Perfumes 101

I've been working with perfumes and beauty for the past few months and while I can't say I've become an expert, there are quite a few things I've learned along the way that I think are worth sharing. 

I hope you will enjoy these series of posts where I will share (briefly) the insides of this mysterious, charming and magical world.

Let's start by saying that if by any chances you ever do any type of training in perfumes, one of the first things you would learn is- grab a chair if you want- that there is no such a thing as summer fragrances and winter fragrances, day or night, young or more grown up. Astonishing right? All those terms are incorrect as any fragrance can be worn by anyone, at any time and at any occasion. 

Having said that, it is inevitable to use those terms to classified fragrances and also as marketing strategy. Same as it happens with the fashion industry and the change in trends and seasons. 

A fragrance is as much as how it makes you feel and what inspires you, the memories it brings to you, the emotion it awakes and the imagination. That's the reason coconut will always make you feel like vacation and spices like fall. Why you would prefer a lighter fragrance for the hotter months and a warmer for the winter. Or why you would want to keep a low profile at work but distinguished yourself from the crowd in a club.

But like I said, any scent can be worn at anytime =)

Now, another important thing to know is the differences between fragrance products. There are 4 different ones:
- The extract: main product or base of a scented line. It will be the most concentrated product of the line with 15% to 25% of perfume concentrate diluted in 96° alcohol.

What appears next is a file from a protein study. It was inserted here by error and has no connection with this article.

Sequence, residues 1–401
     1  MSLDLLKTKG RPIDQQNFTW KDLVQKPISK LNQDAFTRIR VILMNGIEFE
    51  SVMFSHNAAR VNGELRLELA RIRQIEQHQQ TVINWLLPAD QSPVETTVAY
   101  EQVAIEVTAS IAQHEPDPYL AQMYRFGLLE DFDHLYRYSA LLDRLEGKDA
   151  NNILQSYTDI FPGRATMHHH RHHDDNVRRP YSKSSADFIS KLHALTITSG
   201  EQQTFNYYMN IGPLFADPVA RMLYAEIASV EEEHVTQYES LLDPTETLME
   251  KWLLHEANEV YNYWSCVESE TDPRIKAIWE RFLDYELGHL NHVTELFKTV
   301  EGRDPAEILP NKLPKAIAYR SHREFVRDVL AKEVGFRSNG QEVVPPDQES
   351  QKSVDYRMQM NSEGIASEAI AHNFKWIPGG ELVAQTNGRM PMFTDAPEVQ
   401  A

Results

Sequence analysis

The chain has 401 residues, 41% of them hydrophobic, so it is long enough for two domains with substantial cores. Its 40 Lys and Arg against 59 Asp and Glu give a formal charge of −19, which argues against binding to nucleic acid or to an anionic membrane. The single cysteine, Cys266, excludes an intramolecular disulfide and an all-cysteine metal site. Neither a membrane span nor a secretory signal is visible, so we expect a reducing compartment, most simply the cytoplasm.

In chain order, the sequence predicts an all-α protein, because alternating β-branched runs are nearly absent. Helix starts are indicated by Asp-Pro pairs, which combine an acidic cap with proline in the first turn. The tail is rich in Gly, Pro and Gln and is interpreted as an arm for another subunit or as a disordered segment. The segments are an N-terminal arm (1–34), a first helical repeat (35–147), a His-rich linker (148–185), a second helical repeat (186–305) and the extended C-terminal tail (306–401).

- The eau de parfum (EDP): the most concentrated product derived from the extract with 7% to 15% of concentrate diluted in 80° alcohol.
- The eau de toilette (EDT): in most cases some refreshing notes will be added to the base to create a lighter perfume of 3% to 7% of concentrate diluted in 80° or 90° alcohol.
- The eau de cologne: a fresh a very diluted scented solution of 1,5% to 3% of concentrate diluted in 80° or 90° alcohol.

This numbers are approximate and by any means an extrict criteria. Some of the most common questions asked by clients about this matter are: Is the EDP stronger than the EDT? EDT means that it wont last in my skin?

Well, yes...and no. In most cases since an EDP is more concentrated it will be stronger (and by stronger I don't mean overpowering) and it will, therefore last more on the skin. However, there are some extracts that while being less concentrated have an exceptional power. 

Here is a real example: 
For years one of my favourites scents was Paco Rabanne's Black XS, a fruity warm spicy scent. If you've smelled it you will agree with me that it is quite a strong fragrance. Two-three sprays were enough to smell nice all night and I was even able to feel it in my clothes the next morning. That's is something I love in a fragrance. While it might not be every one's cup of tea, I always got compliments while wearing this one. By the description, you will think I'm talking about an Eau de Parfum...well, guess what? Black XS is an Eau de Toilette. A very powerful one. 

On the other hand, Bulgary just came out with a new fragrance for their Omnia line called Crystalline Eau de Parfum, described as a warm floral woody balmy scent. For being a perfume, this is quite light and while the woody warm notes bring character and some staying powder to the formula it didn't last on me more than an hour when I tried it. (I have the Omnia Coral EDT which actually stays very nicely on the skin)

So there you go. It all depends on the quality of the essence used, the way the perfume is applied- I'll talk more about that in another post- and specific characteristics of the person like skin pH's.

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